Some concerns were raised due to circumstances where there is to be a rezoning of some properties prior to acquisition, which would seriously devalue the clients’ properties. These homeowners needed help and guidance with the process of making submissions, lodging claims for compensation and negotiating a fair and just deal with the acquiring authority.
Property owners want to be secure in the knowledge they will be able to replace their dream home with an equally substantial and quality home in the area of their choice. They want to know they will not be struggling financially and emotionally because of inadequate compensation.
Delays, uncertainty, contractual obligations and family law property settlements
A couple of clients facing planned compulsory acquisition fear they will be disadvantaged by being forced to wait an indefinite period of time before knowing what compensation they will receive, while at the same some facing imminent contractual obligations or having to deal with family law property settlement arrangements.
One family had obtained development approval and had just undertaken the first stage of a multi-million dollar addition to their property, before being advised that the property could possibly be taken away in six, or 12, or 24, or even 36 months.
They needed to know whether their recent investment in the soon-to-be-acquired property would be compensated, and also how they should deal with the impatient contractors who had been contracted to complete the additions and renovations.
Land acquisition for M12 motorway
Another client’s property is being acquired for the planned M12 motorway, which will provide access from the M7 Motorway to the Western Sydney Airport. The M12 corridor will sever my client’s large acreage.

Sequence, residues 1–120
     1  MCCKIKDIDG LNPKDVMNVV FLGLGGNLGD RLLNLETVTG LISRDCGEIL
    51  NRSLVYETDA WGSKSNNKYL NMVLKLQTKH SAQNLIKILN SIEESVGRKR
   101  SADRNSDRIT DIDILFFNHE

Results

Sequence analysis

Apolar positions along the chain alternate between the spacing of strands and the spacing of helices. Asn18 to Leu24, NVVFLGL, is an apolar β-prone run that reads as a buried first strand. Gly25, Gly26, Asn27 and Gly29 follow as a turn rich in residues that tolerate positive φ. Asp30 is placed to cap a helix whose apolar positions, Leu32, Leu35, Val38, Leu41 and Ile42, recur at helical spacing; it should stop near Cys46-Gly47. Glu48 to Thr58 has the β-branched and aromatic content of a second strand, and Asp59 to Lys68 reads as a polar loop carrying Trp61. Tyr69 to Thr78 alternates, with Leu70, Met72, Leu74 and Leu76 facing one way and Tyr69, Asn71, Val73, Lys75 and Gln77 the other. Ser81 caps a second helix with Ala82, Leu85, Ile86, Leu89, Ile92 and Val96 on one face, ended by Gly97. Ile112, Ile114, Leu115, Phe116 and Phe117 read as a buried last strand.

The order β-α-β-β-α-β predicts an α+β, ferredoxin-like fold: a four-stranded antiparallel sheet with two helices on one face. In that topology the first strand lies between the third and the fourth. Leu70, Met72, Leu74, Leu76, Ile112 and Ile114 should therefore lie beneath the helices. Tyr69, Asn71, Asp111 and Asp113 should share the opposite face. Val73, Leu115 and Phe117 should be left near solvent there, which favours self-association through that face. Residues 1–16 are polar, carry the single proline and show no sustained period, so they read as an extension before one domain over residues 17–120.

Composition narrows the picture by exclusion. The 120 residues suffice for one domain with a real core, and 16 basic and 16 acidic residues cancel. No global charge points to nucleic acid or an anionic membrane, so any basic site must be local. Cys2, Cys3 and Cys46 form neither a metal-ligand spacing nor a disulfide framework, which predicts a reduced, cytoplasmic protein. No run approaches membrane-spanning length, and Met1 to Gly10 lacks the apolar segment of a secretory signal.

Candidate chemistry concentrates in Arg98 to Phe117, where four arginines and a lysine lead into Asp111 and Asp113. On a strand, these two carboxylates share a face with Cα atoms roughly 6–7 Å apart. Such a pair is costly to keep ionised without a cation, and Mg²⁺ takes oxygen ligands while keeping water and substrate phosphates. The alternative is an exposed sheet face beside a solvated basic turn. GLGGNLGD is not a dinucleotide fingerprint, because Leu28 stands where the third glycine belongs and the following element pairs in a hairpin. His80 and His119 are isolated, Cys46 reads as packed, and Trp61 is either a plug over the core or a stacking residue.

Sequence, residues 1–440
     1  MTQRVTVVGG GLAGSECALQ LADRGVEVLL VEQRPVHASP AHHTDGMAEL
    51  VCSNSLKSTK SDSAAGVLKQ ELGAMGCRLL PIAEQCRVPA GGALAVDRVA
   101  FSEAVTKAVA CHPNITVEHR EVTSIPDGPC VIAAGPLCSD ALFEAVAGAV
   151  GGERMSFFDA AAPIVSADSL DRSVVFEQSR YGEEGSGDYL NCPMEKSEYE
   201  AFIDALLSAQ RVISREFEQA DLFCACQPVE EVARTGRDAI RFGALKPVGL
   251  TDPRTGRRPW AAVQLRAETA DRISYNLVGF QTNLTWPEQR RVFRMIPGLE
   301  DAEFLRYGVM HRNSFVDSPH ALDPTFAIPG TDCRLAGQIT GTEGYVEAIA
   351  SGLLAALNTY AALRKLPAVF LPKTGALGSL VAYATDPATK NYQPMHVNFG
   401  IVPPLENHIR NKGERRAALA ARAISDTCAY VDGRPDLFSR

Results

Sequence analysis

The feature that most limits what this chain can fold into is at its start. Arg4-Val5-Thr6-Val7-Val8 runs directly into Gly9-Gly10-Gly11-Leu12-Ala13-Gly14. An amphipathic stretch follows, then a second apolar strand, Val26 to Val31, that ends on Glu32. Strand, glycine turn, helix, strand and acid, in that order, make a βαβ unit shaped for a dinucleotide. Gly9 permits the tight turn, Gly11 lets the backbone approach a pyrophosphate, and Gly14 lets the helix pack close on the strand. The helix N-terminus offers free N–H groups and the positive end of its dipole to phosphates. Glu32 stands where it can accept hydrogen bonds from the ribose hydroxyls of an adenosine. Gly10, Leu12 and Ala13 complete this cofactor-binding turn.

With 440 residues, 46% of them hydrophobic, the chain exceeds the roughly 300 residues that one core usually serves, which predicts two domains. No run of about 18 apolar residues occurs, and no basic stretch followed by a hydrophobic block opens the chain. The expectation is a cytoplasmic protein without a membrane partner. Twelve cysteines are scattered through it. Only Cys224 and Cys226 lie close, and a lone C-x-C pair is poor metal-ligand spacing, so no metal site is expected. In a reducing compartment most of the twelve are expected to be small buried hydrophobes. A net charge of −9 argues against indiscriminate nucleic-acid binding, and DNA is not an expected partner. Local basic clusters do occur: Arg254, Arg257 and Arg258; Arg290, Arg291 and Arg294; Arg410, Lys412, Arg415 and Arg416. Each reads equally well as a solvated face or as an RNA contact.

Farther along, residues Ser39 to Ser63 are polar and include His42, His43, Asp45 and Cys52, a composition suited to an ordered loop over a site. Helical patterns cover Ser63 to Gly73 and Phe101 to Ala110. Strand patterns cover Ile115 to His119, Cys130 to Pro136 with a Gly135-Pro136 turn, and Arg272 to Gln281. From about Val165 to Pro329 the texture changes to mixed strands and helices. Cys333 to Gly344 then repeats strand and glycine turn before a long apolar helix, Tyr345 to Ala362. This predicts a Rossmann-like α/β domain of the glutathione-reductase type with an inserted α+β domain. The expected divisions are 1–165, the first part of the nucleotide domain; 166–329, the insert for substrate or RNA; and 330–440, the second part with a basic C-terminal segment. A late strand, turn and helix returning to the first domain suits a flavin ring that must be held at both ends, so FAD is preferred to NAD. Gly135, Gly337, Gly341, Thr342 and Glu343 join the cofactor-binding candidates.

Acquiring agency Transport for NSW plans to take much of the cleared useable middle section of the property, while proposing to leave two separate but relatively useless smaller blocks.
The client has instructed me to reject offers he has received for either partial or full acquisition as inadequate, and has engaged me to advise and represent him, seeking a better financial outcome.
What happens if acquired properties are not used as initially intended?
In several other compulsory land acquisition matters, clients are concerned that the government may not proceed with the planned infrastructure or use the properties as initially intended, after they are taken.
In other cases there are claims that the government has not correctly followed substantive procedural requirements, which may result in acquisitions being deemed invalid.
Tunneling for WestConnex and danger of subsidence affecting properties
I have advised numerous clients in relation to Sydney’s predominantly underground motorway WestConnex. In some areas affected by WestConnex, properties are also subject to compulsory acquisition of the substrata (underground) from just five metres under their homes. Their concerns are understandable, with a large tunnel being built directly under their properties.
Clearly, my clients’ legal title and development potential will be affected, and according to property agents’ opinions their properties will be devalued significantly as a consequence. The homeowners fear there will be inevitable subsidence of their land, causing the real possibility of damage to the house foundations and walls.
Businesses can claim for additional costs in compulsory land acquisition
The government won’t always volunteer this information, but businesses which are forced to move can also claim for several costs including damage to the business, fit out of new premises, removalist fees, phone and computer set up, and advertising the new location.